The Chinese government has made great efforts to reduce poverty in recent years, but the gap between the rich and the poor in urban and rural areas is still widening. Analysts say that contradictions in official policies have created an imbalance in the distribution of income and become the root cause of rural poverty, a problem that cannot be truly lifted out of poverty if it is not addressed.
The World Bank has used the extreme poverty standard of $1.90 per person per day since 2011, which is the minimum standard after converting food and goods necessary to sustain survival into money. China declared full poverty eradication in 2020. Officials say that 98.99 million rural poor people will all be lifted out of poverty under the current standard, 832 poor counties will all be removed from the list and 128,000 poor villages will all be released. According to media reports, China’s own definition of the poverty line is $2.30 per person per day, adjusted for inflation, since 2010.
Many experts have questioned China’s claim to have fully eradicated poverty. Behind the official claim that “overall regional poverty has been solved”, it is indisputable that the gap between the rich and the poor between urban and rural areas is gradually worsening.
According to China’s National Bureau of Statistics, the annual per capita income in 2020 will be 43,834 yuan in urban areas and 17,131 yuan in rural areas, and if we compare this with the “war against poverty” that started at the end of 2015, we can see that rural life has indeed improved over the past five years, with a 50% increase in income, even greater than the 40% increase in urban income. However, the gap between urban and rural incomes has also widened, with a 35% increase over the past five years.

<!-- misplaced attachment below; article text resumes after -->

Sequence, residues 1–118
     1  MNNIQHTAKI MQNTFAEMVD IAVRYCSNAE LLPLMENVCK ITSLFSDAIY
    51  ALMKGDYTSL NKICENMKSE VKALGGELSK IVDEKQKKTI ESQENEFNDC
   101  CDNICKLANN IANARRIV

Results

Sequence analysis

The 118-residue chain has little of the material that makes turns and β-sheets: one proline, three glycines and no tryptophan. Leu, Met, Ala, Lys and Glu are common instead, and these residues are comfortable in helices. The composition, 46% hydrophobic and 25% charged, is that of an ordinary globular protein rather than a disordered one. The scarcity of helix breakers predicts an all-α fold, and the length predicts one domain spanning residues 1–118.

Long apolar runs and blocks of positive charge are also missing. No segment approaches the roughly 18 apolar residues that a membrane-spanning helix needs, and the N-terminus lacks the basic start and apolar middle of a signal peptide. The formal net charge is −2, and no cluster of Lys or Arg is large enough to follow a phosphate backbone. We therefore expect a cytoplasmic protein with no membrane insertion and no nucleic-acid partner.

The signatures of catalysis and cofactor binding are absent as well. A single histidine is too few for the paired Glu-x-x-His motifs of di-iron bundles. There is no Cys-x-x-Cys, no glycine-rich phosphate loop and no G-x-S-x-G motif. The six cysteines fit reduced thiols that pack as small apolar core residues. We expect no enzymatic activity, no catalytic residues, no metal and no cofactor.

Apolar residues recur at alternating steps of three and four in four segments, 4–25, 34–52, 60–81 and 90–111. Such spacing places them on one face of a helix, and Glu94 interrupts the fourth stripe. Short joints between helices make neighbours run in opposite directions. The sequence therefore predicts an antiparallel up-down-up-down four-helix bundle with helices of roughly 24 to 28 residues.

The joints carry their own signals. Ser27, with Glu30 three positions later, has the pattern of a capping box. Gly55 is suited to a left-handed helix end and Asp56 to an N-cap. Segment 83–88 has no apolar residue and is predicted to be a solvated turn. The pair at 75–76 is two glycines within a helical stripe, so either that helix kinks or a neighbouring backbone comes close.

Policy contradictions cause imbalance in distribution
Speaking to Voice of America, Liu Mengjun, director of the Mainland Institute at the Chinese Academy of Economic Research in Taiwan, said that given China’s overall economic output, it is in a good position to move toward a well-off society if it can achieve a balanced distribution of income. According to him, China’s poverty problem is not a problem of economic growth, but a problem of income distribution, but the policy contradictions make the income distribution even more unbalanced.
According to Liu, the first policy contradiction is that China’s economic development strategy and industrial development model are increasingly dependent on high-tech and capital-intensive industries, with higher returns for high-intensity labor and capitalists, which worsens the distribution of income, i.e., when government resources are biased toward global strategic industrialization, local agricultural resources are naturally sidelined by policy.
Analysts say that setting a red line for arable land protection has become the second policy contradiction for rural economic development. China People’s Daily reported on June 16 that in order to ensure food security, the first thing is to implement the strategy of “hiding food in the land” and must strictly guard the red line of 1.8 billion mu of arable land.
However, experts say that the output within the red line is to meet domestic demand, focusing on national food security, by the government to buy food, so the price of agricultural food can not be raised, the income of farmers may become a hindrance. Coupled with the pressure of imported food, which may reduce domestic demand for food, even if the price of imported food is raised, there may not be a correlation with domestic farmers to improve their income.